Plant-based athlete or not, determining your protein needs can be confusing. Depending on who you ask, you’ll hear that you’re not getting enough protein — or you’re getting too much. Or you need to time your protein intake better, or you’re not eating the right kinds. Nutrition experts break down what you need to know about protein to eat well, feel well, and perform well on a plant-forward diet.
How much protein do athletes need?
Athletes performing moderate amounts of intense training should consume 0.45 to 0.68 grams per pound of body weight daily, according to the International Sports Society of Nutrition (ISSN), while those involved in high-volume intense training should increase their intake to 0.68 to 0.9 grams. Some research suggests that even higher protein intake may improve body composition in resistance-trained individuals.
“Athletes and people who put their body through more physical stress increase their rate of protein turnover (breakdown and rebuilding), so their protein needs can be about twice the amount, or more, of the RDA,” says Paul Kriegler, RD, nutrition program manager for Life Time.
Do plant-based athletes need more protein?
There are some distinctions between animal and plant sources of protein. Kriegler notes that because plant-based protein sources have a lower amino-acid content than animal products, some people following plant-based diets may not consume enough amino acids to support muscle growth.
Because of this, plant-based athletes might need to eat more total grams of protein than those consuming animal products.
What are the best plant-based sources of protein?
Protein’s support for unique functions — including muscle synthesis, immune function, appetite and sleep, and metabolism — comes from its specific amino acids. Though animal foods offer a more complete amino-acid profile than most plants, eating a variety of plant foods can ensure you’re getting adequate amounts of all of them, says board-certified sports dietitian Kelly Jones, MS, RD.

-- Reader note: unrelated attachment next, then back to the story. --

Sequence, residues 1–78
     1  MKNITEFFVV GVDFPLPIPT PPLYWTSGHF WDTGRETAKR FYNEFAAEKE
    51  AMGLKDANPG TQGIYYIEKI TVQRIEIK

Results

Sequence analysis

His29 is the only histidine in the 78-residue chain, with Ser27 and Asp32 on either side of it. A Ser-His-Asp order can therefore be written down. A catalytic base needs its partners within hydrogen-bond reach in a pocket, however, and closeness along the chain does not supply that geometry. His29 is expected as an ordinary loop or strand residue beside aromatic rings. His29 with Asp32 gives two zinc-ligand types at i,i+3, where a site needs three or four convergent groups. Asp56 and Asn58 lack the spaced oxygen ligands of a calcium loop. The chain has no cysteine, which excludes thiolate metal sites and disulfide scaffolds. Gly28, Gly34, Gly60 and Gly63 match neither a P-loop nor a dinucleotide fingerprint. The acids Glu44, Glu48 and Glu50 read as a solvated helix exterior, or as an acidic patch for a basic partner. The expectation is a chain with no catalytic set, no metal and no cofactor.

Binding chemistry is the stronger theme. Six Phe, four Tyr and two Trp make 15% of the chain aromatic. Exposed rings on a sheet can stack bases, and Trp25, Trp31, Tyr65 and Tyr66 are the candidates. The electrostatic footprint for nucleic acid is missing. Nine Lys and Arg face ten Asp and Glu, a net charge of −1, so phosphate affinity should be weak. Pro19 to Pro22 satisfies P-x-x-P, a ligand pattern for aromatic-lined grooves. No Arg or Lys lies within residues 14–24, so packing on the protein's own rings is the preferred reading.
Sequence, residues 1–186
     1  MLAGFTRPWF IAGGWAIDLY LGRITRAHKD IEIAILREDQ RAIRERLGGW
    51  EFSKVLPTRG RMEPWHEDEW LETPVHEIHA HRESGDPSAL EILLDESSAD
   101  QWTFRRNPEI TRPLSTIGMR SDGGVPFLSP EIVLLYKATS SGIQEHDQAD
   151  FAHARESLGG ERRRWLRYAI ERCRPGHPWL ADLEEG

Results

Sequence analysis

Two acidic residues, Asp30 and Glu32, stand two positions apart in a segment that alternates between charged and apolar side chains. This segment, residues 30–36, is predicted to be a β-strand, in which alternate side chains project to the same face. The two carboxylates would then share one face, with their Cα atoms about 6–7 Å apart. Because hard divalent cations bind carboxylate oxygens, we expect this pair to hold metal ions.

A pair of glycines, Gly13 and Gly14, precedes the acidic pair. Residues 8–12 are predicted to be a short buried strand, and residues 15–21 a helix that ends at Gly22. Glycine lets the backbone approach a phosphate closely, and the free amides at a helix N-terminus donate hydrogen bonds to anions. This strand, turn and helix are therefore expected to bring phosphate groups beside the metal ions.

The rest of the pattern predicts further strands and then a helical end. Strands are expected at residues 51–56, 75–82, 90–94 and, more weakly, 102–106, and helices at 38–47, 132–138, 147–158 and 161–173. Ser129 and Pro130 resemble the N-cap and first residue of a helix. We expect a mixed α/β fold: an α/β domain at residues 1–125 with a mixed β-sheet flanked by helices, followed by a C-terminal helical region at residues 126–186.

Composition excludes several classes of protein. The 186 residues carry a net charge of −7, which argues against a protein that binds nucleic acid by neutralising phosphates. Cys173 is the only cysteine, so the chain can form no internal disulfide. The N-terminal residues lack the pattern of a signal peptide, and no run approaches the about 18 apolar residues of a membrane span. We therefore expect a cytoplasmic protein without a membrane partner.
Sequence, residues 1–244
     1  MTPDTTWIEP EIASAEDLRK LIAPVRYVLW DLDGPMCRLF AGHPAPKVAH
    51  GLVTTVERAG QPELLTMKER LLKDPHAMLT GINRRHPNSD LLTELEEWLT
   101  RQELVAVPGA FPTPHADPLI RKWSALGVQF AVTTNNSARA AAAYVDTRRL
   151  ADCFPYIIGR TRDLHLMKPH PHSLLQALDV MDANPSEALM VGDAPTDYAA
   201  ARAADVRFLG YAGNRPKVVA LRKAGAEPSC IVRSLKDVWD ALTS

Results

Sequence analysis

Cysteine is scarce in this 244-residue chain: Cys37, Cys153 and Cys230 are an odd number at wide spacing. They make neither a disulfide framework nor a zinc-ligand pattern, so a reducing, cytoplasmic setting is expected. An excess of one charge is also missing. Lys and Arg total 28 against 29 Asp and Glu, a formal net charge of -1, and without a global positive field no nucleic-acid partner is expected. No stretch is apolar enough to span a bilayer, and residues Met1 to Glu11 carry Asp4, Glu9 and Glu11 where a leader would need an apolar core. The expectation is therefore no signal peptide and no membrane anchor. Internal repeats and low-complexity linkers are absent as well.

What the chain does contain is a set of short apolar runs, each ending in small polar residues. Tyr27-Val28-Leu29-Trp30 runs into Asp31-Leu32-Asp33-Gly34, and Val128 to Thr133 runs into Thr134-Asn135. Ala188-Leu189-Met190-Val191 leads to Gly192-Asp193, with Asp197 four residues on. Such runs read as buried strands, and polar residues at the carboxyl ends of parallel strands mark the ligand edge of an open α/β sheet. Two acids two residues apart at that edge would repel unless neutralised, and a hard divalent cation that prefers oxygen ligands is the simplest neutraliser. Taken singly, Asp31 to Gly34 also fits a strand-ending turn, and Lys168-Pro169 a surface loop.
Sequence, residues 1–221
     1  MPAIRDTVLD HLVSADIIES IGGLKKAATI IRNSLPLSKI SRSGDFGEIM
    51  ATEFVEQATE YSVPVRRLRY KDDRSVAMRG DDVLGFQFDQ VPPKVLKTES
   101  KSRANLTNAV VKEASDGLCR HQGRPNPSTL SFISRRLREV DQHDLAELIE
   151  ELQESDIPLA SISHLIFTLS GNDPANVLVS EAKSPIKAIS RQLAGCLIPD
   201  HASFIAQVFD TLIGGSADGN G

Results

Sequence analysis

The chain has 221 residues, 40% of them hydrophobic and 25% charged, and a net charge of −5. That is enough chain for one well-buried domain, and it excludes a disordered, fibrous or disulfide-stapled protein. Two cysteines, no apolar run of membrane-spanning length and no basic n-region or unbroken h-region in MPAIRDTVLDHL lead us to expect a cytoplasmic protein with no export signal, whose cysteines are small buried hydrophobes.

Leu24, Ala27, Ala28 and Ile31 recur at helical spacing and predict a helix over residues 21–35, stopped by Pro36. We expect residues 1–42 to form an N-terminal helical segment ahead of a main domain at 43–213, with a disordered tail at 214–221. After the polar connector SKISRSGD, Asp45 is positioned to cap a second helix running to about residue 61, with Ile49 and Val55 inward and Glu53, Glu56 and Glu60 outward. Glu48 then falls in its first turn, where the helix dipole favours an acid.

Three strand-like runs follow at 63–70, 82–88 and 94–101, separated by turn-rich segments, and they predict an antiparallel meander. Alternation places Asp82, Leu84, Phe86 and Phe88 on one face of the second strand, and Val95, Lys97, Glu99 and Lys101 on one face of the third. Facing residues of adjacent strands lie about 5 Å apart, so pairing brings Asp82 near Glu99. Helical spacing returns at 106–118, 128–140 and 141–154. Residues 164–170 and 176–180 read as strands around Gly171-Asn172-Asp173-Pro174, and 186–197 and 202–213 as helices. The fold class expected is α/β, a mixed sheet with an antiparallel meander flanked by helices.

For example, beans and legumes are rich sources of lysine, which plays a major role in protein synthesis. Leucine, a branched-chain amino acid (BCAA) that triggers muscle-protein synthesis and muscle repair, can be found in soybeans and lentils.
Other BCAAs are found in seeds, tree nuts, and chickpeas. Some, but not all, plant-based meat substitutes can also help support adequate protein intake. (Learn more about the options at “7 Meat Alternatives“.)
|Whole Food||Serving Size||Grams of Protein|
|Black beans||1/2 cup||8|
|Peanut butter||2 tbs.||8|
|Quinoa||1 cup cooked||8|
|Brown rice||1/4 cup cooked||5|
|Hemp hearts||1 tbs.||5|
|Spinach||1/2 cup cooked||3|
|Chia seeds||1 tbs.||2|
Should plant-based athletes supplement with protein?
While it is possible for athletes to meet their protein needs through whole foods, supplementation can help ensure adequate intake. Plant-based protein powders can be particularly useful for athletes involved in high volumes of training.
“While I tend not to encourage protein powders and bars as a main source of protein, they can be helpful when transitioning to a vegan diet, when you haven’t been grocery shopping in a bit, or when making smoothies,” says Jones.
She recommends pea and brown-rice protein blends and choosing a third-party-tested protein powder (preferably NSF-certified for sport or Informed Choice–certified) that contains all of the essential amino acids — especially leucine — in adequate amounts. (For more on choosing the right plant-based protein powder for you, visit “Choosing a Plant-Based Protein Powder“.)
This was excerpted from “Plant-Powered” which was published in Experience Life magazine.